Tuesday, December 31, 2013

Mallets

My daughter recently suggested I post a blog on favourite tools.  It got me thinking and I've concluded that all my favourites have one thing in common; they feel right.

As age creeps up on me, I appreciate more and more how repetitive movements wear on the body, and the importance of properly designed tools.  Nowadays we call it ergonomics, but I prefer the old fashioned "it feels right".

Mallets were the first tools that came to mind when I started thinking about my favourites.  I own several but these two are special for different reasons.

 
 
I like the feel of either mallet; the balance is good and the weight is right for me.  But each conjures up different emotions when they come to hand.
 
The uppermost one in the photo, I made myself, mostly to see if I could do it.  Turning a scrap piece of hard maple burl and attaching a peeled hickory stick, the result was a handsome looking mallet.  Imagine my delight when it turned out to be wonderful to use!  Because the handle isn't symmetrical, I can tell without looking which face I'm using.  Every time I use it, I'm thankful that scrap wood didn't end up in the stove.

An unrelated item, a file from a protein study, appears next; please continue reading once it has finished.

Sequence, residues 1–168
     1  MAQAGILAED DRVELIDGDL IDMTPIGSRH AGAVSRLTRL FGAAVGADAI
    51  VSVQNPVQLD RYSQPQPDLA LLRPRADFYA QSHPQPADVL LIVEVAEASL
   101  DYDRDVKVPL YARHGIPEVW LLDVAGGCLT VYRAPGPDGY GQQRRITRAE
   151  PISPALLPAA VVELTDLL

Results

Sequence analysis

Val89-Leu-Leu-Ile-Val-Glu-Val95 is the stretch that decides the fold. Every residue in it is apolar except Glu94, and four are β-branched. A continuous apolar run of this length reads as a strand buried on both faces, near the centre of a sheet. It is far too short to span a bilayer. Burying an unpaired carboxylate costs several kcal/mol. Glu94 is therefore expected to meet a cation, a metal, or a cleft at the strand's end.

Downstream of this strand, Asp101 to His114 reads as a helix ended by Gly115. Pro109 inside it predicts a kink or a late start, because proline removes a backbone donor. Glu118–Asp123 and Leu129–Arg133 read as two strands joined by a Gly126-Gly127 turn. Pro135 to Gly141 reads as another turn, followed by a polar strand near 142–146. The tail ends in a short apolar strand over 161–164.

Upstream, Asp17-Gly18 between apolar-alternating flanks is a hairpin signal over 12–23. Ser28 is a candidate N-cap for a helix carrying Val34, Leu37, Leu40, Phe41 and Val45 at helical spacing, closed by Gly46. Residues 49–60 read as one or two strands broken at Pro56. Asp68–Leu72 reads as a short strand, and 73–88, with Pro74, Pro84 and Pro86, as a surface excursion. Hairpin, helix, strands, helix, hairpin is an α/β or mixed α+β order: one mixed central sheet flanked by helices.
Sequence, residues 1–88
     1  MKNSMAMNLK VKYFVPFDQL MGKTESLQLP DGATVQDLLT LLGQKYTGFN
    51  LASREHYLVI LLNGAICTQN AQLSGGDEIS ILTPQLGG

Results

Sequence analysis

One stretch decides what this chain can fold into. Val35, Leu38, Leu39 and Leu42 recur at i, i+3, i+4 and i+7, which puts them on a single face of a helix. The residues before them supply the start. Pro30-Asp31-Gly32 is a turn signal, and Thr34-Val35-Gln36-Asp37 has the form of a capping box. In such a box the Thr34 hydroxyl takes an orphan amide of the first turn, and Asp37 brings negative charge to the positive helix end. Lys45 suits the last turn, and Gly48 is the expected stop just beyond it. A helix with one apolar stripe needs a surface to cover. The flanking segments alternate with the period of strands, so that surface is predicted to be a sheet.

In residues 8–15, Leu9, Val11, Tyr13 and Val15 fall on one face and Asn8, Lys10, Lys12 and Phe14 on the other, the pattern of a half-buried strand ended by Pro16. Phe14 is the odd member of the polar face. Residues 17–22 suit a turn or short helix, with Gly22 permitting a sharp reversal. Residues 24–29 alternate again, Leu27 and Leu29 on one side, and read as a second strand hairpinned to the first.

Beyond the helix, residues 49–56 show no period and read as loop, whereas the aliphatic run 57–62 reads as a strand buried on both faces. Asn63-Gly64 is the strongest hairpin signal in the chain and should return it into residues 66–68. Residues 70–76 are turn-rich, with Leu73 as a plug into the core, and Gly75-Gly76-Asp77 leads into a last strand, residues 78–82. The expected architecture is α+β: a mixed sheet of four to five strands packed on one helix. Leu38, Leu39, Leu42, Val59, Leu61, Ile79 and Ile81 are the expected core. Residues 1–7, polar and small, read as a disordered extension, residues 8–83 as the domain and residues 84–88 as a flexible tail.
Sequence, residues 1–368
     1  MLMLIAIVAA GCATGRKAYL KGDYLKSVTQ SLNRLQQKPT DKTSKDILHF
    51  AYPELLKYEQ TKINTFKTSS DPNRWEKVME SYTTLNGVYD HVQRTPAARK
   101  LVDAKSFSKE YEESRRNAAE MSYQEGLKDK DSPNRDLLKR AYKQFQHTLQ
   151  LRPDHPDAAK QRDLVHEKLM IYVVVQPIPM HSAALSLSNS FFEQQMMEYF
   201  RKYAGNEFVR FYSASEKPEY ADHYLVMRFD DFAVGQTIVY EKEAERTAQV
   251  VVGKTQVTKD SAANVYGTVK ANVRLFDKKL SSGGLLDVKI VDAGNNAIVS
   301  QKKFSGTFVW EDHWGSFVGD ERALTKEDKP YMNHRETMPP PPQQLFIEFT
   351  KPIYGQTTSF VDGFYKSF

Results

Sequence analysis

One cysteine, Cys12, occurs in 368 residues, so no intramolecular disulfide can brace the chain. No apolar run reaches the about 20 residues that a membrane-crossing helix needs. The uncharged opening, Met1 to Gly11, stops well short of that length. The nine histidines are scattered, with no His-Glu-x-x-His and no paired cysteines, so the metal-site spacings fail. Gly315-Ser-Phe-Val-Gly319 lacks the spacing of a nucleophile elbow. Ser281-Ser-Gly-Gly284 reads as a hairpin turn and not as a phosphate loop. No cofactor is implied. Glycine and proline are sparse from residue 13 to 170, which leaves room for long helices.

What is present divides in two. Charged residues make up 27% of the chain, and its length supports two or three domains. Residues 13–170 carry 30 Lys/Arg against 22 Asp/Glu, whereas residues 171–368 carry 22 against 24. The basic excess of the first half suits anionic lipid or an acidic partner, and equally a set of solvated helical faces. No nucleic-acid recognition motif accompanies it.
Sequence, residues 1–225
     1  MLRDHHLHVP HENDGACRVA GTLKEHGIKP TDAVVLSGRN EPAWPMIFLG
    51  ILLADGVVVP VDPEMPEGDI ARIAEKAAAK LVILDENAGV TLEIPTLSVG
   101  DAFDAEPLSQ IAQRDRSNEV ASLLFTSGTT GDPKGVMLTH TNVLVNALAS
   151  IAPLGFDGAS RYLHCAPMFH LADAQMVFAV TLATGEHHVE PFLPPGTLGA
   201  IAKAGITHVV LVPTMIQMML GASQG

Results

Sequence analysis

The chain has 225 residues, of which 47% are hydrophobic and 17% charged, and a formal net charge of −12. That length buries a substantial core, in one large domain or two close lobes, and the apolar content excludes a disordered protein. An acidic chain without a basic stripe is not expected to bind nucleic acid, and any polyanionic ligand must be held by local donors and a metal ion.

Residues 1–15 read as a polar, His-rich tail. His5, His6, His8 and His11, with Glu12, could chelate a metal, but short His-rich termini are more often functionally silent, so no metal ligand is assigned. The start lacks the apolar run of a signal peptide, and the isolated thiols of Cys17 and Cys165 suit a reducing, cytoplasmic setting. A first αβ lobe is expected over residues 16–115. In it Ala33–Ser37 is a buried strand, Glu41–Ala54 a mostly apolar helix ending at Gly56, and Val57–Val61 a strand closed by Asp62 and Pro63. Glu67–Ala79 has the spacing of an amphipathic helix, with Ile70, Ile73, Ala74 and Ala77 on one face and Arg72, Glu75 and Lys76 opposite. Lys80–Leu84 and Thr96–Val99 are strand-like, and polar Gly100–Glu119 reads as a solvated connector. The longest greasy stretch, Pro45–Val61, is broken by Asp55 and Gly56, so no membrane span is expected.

The second mallet was turned by my father out of a single piece of hard maple that his father in law had given him many years before.  He turned it on a crappy little Canadian Tire lathe that my mother and I gave him for Christmas before I was married.
 
Both Dad and his father in law were farmers and woodworkers.  I never knew my grandfather as he died by the time I was two, so to receive in the mail a mallet made from wood that had been in the hands of my woodworking grandfather was a gift above all others.
 
Every time I pick up that mallet, I think of my father, my grandfather and the little house in Yellowknife, 3000 miles away, where my adult woodworking life began.

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